Periodically some awful person will take it upon themselves to send me a link to Cracked.com. Then I’ll go read some irreverent, informative, dubiously authoritative list about history or science or pop culture, and when I get to the end their pitch perfect recommendation engine will tell me what else I might like. And so I’ll click that and start over, and so on, until my brain can handle no more entertainment and enlightenment. For months after I break myself out of that loop, I’ll refuse to click on any link to Cracked because there just isn’t enough time in the world to go that deep down the rabbit hole at a single website. Eventually I’ll break down and go back, resuming the cycle.
Most recently, I capped out at this list of styles that define their eras that were completely invented by movies. While I do remember having heard before that the mafia actually ripped off The Godfather for their style, I had no idea biker gangs had found similar inspiration in The Wild One. Apparently before that movie showed them how much fun lawlessness could be, they just rode around enjoying nature and singing songs about kittens. (I may have made up that last part.)
I’m impressed that films can actually invent an aesthetic or cultural sensibility so well that life starts to imitate art to the extent that we just assume art was imitating life from the get go. I’m now convinced, however, that books must be able to do the same thing. Surely in twenty years time, all the vampires are going to be sparkly because they think that’s how it’s done, right? Books don’t have the benefit of a consistent visual image, but they so often provide our only glimpse into worlds we don’t otherwise know, just as films would have done for disco and the mob. (Admittedly, literature, or at least Puzo, must deserve some of the credit for the mafia as well.) I don’t know a thing about 19th century England that wasn’t taught to me by the likes of Dickens and Austen, presumably much to the chagrin of my history teachers.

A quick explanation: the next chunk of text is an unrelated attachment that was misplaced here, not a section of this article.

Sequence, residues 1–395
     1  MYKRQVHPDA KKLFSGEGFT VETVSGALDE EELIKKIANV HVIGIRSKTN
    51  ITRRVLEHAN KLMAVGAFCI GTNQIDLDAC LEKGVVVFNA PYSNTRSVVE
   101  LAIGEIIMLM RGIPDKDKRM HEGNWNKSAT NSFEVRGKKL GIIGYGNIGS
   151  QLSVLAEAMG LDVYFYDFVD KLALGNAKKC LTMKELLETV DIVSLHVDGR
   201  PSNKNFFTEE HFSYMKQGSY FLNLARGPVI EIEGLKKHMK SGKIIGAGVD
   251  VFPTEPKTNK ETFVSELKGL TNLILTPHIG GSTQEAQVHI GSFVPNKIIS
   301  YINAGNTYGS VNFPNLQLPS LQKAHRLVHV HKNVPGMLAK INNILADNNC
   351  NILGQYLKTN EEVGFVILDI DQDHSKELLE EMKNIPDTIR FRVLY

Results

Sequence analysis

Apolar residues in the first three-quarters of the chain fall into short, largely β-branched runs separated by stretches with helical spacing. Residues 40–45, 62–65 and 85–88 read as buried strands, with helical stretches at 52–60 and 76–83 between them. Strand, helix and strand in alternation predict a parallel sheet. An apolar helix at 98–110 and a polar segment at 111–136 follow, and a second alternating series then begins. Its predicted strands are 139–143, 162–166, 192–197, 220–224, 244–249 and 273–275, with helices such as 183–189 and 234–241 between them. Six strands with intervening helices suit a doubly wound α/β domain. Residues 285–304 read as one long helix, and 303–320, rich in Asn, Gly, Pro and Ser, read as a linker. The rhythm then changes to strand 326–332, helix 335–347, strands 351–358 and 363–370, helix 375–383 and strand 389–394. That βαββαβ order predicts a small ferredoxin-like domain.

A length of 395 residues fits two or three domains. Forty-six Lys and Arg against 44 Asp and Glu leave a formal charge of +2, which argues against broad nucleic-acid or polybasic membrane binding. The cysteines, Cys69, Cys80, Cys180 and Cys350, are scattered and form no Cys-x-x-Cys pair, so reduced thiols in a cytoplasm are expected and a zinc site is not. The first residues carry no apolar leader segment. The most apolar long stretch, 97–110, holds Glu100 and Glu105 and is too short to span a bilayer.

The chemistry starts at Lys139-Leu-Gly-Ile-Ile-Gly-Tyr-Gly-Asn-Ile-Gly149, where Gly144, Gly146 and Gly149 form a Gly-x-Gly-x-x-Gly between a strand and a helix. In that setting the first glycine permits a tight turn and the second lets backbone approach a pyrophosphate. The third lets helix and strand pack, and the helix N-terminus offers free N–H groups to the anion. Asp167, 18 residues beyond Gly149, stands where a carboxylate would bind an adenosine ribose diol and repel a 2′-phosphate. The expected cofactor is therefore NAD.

So help me prove that literature is just as powerful as film! Is there anything culturally pervasive and era defining that was actually invented out of whole cloth by an author so convincingly that everyone forgot what had come before? Indirectly, once adapted into film, this is probably not uncommon, but there must be a direct influence as well. There’s got to be something that never happened till Shakespeare said everyone had always been doing it, right?
And if not, would one of you please make it your goal to insert small but convincing false details into a supposedly realistic work so that some person many, many years from now can find this blog entry and let us know about it? How much fun would it be to be able to take responsibility for an entire subculture? Maybe not a menacing, lawless one though.